The coronavirus outbreak that ripped through Virginia’s long-term care facilities, killing 785 people through May, revealed a perfect storm of problems, from severe staffing shortages to a lack of protective equipment and inadequate infection controls.
“It’s an unfortunate confluence of issues” in care facilities, said David DeBiasi, advocacy director for AARP Virginia, who once worked in a nursing home.
“They are a particularly vulnerable population due to advanced age and underlying health conditions; they’re living in close proximity and in facilities that were already struggling for adequate funding and staff before the pandemic.”
State officials, AARP Virginia and other advocates are ramping up efforts to better protect nursing home residents and staff and to respond to families worried about their relatives’ safety.
A special task force, appointed by Gov. Ralph Northam (D), is due to report next month on needed improvements. The task force includes state and industry officials and advocates such as DeBiasi.
Goals include a plan to procure more protective equipment, expanded testing to track outbreaks and stem infection, and better pay for nursing assistants and other staff.
“We need to be paying these people more,” said state Sen. Jen Kiggans (R-Virginia Beach), a geriatric nurse practitioner and a task force member. “Staff will stay if they’re not overworked and underpaid.”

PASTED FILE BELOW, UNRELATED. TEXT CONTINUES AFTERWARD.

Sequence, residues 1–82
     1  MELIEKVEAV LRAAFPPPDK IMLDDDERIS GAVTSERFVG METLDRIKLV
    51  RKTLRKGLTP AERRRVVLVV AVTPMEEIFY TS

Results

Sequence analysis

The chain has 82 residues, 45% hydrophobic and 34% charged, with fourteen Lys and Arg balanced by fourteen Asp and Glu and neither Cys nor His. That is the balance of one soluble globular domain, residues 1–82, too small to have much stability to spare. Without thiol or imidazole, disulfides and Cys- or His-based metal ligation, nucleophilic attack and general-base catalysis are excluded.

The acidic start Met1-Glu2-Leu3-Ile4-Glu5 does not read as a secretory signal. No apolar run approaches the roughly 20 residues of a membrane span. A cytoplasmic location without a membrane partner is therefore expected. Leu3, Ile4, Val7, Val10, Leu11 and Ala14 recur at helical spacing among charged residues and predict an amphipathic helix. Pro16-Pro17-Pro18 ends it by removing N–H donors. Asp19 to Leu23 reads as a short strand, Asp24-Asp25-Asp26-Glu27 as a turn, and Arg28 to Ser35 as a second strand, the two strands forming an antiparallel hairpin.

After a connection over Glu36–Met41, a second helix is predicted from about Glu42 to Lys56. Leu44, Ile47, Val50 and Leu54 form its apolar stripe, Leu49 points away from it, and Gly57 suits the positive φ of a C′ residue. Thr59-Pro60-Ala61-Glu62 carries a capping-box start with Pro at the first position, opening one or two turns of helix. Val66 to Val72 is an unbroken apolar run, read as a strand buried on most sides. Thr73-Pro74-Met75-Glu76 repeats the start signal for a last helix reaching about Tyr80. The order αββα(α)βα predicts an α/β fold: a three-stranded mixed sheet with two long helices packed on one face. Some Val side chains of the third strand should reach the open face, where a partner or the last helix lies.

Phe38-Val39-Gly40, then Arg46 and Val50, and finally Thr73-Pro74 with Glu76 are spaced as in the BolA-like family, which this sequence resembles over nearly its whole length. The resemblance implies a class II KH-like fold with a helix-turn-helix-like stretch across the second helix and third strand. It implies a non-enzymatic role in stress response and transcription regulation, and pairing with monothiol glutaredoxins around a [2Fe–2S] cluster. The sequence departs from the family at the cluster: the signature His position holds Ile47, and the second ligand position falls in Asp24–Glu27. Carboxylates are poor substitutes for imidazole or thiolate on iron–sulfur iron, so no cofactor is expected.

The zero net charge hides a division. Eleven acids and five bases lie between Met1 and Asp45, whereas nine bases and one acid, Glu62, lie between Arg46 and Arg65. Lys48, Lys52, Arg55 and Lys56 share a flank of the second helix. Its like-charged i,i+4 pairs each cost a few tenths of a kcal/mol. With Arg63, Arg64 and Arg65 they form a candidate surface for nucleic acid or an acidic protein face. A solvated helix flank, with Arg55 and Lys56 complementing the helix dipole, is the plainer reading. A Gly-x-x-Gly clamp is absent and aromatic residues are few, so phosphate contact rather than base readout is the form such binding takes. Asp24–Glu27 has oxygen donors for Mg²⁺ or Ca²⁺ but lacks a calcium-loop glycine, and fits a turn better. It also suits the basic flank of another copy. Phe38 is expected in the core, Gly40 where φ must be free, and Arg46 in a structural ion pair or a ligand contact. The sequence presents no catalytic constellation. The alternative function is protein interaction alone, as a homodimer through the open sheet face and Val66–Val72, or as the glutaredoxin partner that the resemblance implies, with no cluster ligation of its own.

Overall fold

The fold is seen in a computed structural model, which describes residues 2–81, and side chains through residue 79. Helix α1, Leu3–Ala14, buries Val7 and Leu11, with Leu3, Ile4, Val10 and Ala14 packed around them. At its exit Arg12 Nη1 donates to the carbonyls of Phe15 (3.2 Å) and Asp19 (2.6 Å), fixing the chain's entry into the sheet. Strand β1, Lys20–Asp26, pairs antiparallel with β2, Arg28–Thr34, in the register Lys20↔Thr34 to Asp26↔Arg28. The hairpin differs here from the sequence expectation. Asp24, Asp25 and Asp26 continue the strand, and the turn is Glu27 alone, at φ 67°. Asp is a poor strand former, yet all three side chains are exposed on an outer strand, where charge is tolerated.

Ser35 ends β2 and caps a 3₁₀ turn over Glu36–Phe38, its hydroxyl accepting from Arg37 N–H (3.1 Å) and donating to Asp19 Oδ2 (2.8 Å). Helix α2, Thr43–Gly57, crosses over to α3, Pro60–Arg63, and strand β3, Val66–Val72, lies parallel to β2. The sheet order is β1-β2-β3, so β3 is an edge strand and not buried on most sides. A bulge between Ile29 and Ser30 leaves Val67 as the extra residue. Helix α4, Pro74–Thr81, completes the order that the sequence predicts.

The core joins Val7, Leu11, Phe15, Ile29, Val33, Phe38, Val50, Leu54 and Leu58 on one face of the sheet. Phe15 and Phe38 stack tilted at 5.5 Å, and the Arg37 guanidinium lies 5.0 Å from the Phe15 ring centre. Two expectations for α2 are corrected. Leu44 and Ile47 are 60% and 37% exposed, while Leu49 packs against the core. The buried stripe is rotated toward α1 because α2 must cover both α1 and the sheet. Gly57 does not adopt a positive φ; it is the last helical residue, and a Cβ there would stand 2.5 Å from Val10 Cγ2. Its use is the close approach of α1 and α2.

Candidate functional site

Virginia requires no minimum staffing level at nursing homes, but Kiggans is pushing for legislation to set a 6-to-1 ratio of residents to staff.
Lindsay Hutter, chief strategy officer for Goodwin House communities in Northern Virginia, said employees often work in more than one facility.
“More often than not it’s the staff bringing in the virus, because they also have jobs in other senior-living or health care organizations,” she said.
The task force will also address financing for nursing homes hit by increased costs during the COVID-19 crisis, DeBiasi said.
In April, Northam approved a state budget amendment to increase reimbursement to nursing homes by $20 per Medicaid recipient per day to assist facilities’ responses to the crisis.
Facilities need to have protective equipment on hand to prevent the spread of infection, both Kiggans and Hutter said. Kiggans noted that those she has visited don’t have sinks in their hallways so staff can wash their hands as they go from room to room.
Testing for the coronavirus should be a priority, Kiggans said, and should be extended to include patients coming from hospitals.
Nursing homes are working to allow virtual visits for families when in-person gatherings are not possible, and to make it easier to use telehealth - patients meeting with doctors and nurses remotely using computers, smartphones and other devices.
Hutter said that Goodwin House uses telehealth where possible to cut down on residents’ visits to medical offices.
“It’s certainly part of our strategic plan,” she said. “Teleheath means less strain on older people and on the health care system.”
Some homes are offering free Wi-Fi and have purchased iPads to improve communication, said Amy Hewett, spokeswoman for the Virginia Health Care Association, representing 345 nursing homes and assisted living facilities.
Sue Lindsey is a writer living in Roanoke.
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